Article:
The Fekete-Szegö inequality for close-to-convex functions with respect to a certain starlike function dependent on a real parameter
© Kowalczyk and Lecko; licensee Springer. 2014
Received: 9 December 2013
Accepted: 31 January 2014
Published: 13 February 2014
Given , let , . An analytic standardly normalized function f in is called close-to-convex with respect to if there exists such that
For the class of all close-to-convex functions with respect to , the Fekete-Szegö problem is studied.
KeywordsFekete-Szegö problem close-to-convex functions close-to-convex functions with respect to the Koebe function close-to-convex functions with argument δ functions convex in the positive direction of the imaginary axis
The problem of calculating for various compact subclasses ℱ of the class of all analytic functions f in of the form (1.1), as well as for λ being an arbitrary real or complex number, was considered by many authors (see, e.g., [2–10]).
and defines the class , and further the class . Such classes of functions were studied in [14, 15] and , where some generalization of the Robertson condition for convexity in one direction  was discussed.
and is a domain such that for every . Such functions h, clearly univalent as close-to-convex, and domains are called convex in the positive (negative) direction of the real axis and are related to functions convex in the direction of the imaginary axis (see, e.g., [17–20], [, Chapter VI], ).
Functions f having such a property are called of bounded turning with argument δ and form the class denoted usually as . Functions in the class are usually called of bounded turning (cf. [, Vol. I, p.101]). On the other hand, condition (1.6) is known as the famous criterium of univalence due to Noshiro  and Warschawski  (cf. [, Vol. I, p.88]). In this way condition (1.5) creates a simple parametric passage from the class to the class .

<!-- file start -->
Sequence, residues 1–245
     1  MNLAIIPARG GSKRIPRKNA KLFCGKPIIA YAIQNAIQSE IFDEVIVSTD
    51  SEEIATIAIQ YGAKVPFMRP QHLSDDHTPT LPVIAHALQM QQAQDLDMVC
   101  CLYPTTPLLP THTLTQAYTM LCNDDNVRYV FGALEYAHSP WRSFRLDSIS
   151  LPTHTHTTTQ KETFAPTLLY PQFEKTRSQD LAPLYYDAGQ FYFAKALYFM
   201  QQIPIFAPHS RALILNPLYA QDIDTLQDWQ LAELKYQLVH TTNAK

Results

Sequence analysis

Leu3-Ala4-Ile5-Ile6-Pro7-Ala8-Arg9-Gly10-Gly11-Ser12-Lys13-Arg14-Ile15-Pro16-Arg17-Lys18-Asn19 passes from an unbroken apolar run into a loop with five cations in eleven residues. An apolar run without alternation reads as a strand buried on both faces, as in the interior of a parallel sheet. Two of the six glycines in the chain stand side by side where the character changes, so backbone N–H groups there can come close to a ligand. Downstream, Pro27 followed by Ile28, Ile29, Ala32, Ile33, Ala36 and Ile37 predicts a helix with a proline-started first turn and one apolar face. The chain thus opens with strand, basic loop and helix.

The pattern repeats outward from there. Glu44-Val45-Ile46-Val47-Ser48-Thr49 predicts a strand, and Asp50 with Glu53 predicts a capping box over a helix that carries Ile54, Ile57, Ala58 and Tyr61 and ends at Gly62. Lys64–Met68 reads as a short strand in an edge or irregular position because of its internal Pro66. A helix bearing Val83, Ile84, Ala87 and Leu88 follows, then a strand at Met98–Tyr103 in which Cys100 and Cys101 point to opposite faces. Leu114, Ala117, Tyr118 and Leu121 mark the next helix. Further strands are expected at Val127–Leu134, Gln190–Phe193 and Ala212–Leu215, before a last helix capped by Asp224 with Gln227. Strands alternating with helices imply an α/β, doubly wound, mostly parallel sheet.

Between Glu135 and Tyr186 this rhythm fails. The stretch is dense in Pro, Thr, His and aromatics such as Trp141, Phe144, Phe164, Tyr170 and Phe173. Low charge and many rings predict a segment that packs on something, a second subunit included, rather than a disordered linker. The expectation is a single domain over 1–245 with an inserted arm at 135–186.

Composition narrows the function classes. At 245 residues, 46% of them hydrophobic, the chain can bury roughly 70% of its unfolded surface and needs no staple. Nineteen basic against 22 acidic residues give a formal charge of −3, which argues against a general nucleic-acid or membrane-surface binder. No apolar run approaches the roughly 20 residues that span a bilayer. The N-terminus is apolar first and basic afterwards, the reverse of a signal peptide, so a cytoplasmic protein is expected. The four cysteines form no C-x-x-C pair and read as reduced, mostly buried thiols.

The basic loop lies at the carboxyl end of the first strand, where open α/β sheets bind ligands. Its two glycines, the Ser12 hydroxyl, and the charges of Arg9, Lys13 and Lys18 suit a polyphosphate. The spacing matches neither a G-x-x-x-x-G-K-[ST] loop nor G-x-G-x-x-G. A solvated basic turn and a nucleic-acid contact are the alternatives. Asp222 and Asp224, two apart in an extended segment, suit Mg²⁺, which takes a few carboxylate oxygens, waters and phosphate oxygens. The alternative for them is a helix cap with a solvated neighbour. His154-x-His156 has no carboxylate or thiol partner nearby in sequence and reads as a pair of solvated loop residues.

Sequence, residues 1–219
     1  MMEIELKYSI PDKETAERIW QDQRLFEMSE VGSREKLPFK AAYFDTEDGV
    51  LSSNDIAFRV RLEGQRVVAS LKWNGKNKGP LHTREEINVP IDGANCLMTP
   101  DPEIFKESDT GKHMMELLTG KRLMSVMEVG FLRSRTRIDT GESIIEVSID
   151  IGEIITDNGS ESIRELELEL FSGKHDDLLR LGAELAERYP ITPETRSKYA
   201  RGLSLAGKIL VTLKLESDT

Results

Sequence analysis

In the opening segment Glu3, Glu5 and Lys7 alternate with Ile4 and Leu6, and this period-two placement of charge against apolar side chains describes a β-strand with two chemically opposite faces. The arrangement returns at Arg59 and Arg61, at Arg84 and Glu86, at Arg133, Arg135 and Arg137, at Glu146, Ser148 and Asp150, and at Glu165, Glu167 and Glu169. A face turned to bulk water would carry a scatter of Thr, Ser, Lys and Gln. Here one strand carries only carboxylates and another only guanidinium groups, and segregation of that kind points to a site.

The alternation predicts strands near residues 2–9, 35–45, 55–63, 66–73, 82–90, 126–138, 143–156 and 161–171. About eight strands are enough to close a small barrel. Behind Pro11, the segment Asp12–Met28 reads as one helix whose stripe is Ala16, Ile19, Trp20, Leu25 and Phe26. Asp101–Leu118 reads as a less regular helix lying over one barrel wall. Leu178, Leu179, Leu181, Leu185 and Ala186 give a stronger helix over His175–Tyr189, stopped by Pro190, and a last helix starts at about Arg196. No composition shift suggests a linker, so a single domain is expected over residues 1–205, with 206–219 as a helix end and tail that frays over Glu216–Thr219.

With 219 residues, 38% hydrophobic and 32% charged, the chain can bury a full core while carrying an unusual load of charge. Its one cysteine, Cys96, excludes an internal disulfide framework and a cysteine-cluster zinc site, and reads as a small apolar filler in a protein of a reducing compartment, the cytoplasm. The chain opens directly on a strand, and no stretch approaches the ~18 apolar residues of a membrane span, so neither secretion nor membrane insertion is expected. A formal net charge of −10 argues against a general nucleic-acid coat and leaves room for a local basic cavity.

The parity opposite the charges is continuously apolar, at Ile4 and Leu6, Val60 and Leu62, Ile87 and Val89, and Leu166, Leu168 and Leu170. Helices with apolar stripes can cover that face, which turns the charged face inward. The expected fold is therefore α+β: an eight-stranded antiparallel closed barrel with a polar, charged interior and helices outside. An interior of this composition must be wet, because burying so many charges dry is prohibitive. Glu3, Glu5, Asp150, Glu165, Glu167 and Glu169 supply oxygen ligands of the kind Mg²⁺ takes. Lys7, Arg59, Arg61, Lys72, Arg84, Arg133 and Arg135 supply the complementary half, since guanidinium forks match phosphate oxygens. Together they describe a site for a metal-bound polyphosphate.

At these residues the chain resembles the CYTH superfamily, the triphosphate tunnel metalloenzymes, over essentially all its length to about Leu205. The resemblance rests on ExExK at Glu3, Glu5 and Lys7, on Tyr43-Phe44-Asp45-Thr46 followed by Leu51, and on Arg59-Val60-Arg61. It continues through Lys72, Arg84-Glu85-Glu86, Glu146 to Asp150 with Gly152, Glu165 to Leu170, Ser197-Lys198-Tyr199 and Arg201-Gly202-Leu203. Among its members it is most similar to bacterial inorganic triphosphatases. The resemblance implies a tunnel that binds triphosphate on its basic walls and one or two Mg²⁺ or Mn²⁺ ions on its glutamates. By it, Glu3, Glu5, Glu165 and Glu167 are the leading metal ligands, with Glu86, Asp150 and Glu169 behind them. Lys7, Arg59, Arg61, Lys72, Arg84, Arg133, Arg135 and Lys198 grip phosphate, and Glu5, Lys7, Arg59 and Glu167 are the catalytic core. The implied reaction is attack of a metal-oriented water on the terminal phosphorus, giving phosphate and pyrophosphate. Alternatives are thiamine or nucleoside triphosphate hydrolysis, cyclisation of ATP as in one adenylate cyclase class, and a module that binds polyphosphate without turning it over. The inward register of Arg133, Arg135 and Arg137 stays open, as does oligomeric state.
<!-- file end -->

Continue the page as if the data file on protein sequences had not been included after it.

2 Main result
Inequalities (2.2) and (2.3) below are well known (see, e.g., [, pp.41, 166]).
where and .
Now we prove the main theorem of this paper. The source of the method of proof is in Koepf’s paper , where the upper bound of for close-to-convex functions with λ restricted to the interval was calculated. However, we modify this technique and use it homogeneously for the class for all real λ, partially analogously as in  for the class , and in . We apply also the powerful Laguerre’s rule of counting zeros of polynomials in an interval. We propose Laguerre’s algorithm for such a computation by its simplicity, usefulness and efficiency.
For each , let denote the number of sign changes in the sequence , . Given an interval , denote by the number of zeros of Q in I counted with their orders. Then the following theorem due to Laguerre holds.
Theorem 2.2 If , and , then or is an even positive integer.
Note that and . Thus, when , Theorem 2.2 reduces to the following useful corollary.
Corollary 2.3 If and , then or is an even positive integer, where and are the numbers of sign changes in the sequence of polynomial coefficients and in the sequence of sums , with , respectively.
The main theorem of the paper is as follows.
- (i)when , for each the second equality in (2.7) is attained by the function given by the differential equation(2.8)
- (ii)when , for each the first equality in (2.7) is attained by the function , given by (2.8) with , i.e., when , by the function(2.9)